Trump Justice Dept. Honors Transgender Student Gavin Grimm, NC Bathroom Bill Opponents

(Photo: Crystal Cooper/ACLU of Virginia/Handout via Reuters)Student Gavin Grimm, who was barred from using the boys' bathroom at his local high school in Gloucester County, Virginia, U.S. is seen in an undated photo. Grimm was born a female but identifies as a male.

The Department of Justice hosted an Wednesday event honoring a transgender high school student who sued a Virginia school district for the right to access the boy's bathroom. Lawyers who worked on a lawsuit against the state of North Carolina's controversial bathroom bill were also honored.

The event was hosted by a pro-LGBT Justice Department employee group called DOJ Pride and was held in the Great Hall in the Robert F. Kennedy Department of Justice Building in Washington, D.C. According to the Associated Press, the event recognized transgender student Gavin Grimm for his "outstanding contributions to the LGBT community."

Grimm, a biological female who began to identify as male after freshman year, sued the Gloucester County School Board for the right to use the boy's bathroom after the board adopted a policy that students must use bathrooms and locker rooms that correspond with their biological sex.

After the U.S. Fourth Circuit Court of Appeals ruled in favor of Grimm, the school board appealed the case to the Supreme Court last year. However, the court decided not to hear the case in March after the Trump administration rescinded an Obama-era guidance cited by the lower court that instructed schools to allow transgender students to use restrooms and locker rooms consistent with their gender identity.

BuzzFeed reports that Grimm was scheduled to receive DOJ Pride's Gerald B. Roemer Community Service Award.

"Given that today's administration is largely hostile to LGBT people and especially dangerous to LGBT youth, the gravity of receiving an award from DOJ itself, specifically the pride alliance within it, is not lost on me at all," Grimm told AP following the ceremony. "It's beautifully symbolic of the fact that there are still people working for equality in every corner of the world, and they will continue to do so no matter what happens."

According to AP, Civil Rights Division attorneys who were involved in the Justice Department's lawsuit against the state of North Carolina's House Bill 2 passed last year were also honored at the event.

The law gave North Carolina businesses and places of public accommodation the right to establish their own bathroom rules and forced transgender individuals to use state-operated bathrooms consistent with their biological sex. The North Carolina law has since been repealed and replaced, and the Trump administration has dropped the lawsuit.

BuzzFeed notes that Justice Department lawyers who fought HB 2 and lawyers who brought a discrimination case against Southeastern Oklahoma State University were scheduled to receive awards to recognize their contributions to the work-life environment for LGBT employees.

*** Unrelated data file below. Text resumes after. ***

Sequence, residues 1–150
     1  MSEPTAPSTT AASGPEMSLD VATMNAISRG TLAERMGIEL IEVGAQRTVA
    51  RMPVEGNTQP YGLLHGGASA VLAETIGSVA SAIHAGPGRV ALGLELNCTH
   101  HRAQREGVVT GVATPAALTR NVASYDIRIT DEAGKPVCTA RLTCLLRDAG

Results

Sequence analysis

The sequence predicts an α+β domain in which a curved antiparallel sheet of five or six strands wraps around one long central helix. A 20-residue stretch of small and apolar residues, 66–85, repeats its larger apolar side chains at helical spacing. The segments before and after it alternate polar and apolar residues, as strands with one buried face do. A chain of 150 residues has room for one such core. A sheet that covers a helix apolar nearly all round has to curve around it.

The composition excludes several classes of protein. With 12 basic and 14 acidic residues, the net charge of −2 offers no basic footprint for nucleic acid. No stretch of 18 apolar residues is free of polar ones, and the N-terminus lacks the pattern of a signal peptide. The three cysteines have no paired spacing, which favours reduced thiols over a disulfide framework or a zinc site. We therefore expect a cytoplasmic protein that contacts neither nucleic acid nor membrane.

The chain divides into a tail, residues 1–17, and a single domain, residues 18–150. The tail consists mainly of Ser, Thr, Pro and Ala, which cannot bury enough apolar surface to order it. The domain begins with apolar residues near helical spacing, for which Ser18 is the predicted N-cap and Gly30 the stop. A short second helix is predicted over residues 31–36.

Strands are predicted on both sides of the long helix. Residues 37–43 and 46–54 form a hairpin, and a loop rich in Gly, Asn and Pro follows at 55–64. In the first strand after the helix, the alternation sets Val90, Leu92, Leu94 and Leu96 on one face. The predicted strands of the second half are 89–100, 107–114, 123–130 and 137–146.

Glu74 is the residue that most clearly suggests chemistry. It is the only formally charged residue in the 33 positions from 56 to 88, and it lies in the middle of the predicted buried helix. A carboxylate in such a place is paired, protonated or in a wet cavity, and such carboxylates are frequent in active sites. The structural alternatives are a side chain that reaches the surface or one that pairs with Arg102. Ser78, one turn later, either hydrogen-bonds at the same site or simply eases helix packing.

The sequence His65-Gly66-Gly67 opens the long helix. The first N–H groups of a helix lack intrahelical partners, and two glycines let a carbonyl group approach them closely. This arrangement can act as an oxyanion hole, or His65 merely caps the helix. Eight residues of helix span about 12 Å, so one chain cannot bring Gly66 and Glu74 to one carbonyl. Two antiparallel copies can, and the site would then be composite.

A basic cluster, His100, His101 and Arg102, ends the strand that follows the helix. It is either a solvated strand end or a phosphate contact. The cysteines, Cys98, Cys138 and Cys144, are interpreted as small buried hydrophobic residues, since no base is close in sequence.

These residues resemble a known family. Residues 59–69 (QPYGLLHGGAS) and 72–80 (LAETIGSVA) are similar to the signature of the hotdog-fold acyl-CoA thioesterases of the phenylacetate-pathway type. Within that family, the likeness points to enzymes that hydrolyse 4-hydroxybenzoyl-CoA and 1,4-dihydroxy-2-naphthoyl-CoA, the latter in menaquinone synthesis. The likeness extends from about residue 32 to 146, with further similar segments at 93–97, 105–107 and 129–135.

"There are good people in the DOJ, they've always been here, and always will be here, no matter what kind of administration comes above them," Grimm said, according to AP.

Attorney Gen. Jeff Sessions was reportedly absent from Wednesday's event due to scheduling conflicts. However, Session praised the event honoring Grimm last Thursday when he was asked about the White House's failure to recognize LGBT Pride Month.

"We are going to have a pride group in this very room, I think next week I believe it is," Sessions said, according to a video recording. "And so that's perfectly appropriate and we will protect and defend and celebrate that — and protect the rights of all transgender persons."

Sessions also mentioned how he ordered a review into recent killings of transgender individuals.

"I received a letter expressing concern about the sudden transgender persons who had been killed... and so I, first thing, directed the civil rights division to look into those ... to see if there was any uniform attack, or if there was just a uniform hostility that would result in these murders, and to review each one of those cases that were sent to me," Sessions said. "And they have done that, and I think it's possible that they're going to re-open one and solve it as a result of that."

Thursday morning, Sessions gave an address at the Justice Department's Hate Crimes Summit.

"We have and will continue to enforce hate crime laws aggressively and appropriately where transgendered individuals are victims," he said, according to his prepared remarks. "Last month, Joshua Brandon Vallum was sentenced to 49 years in prison for assaulting and murdering Mercedes Williamson. This is the first case prosecuted under the Hate Crimes Prevention Act involving the murder of a transgender person."

The DOJ Pride event comes after the Department of Education hosted an event in March where Education Sec. Betsy DeVos met with transgender students, advocates and parents, who complained about the fact that she and Sessions rescinded the Obama-era transgender student guidance.

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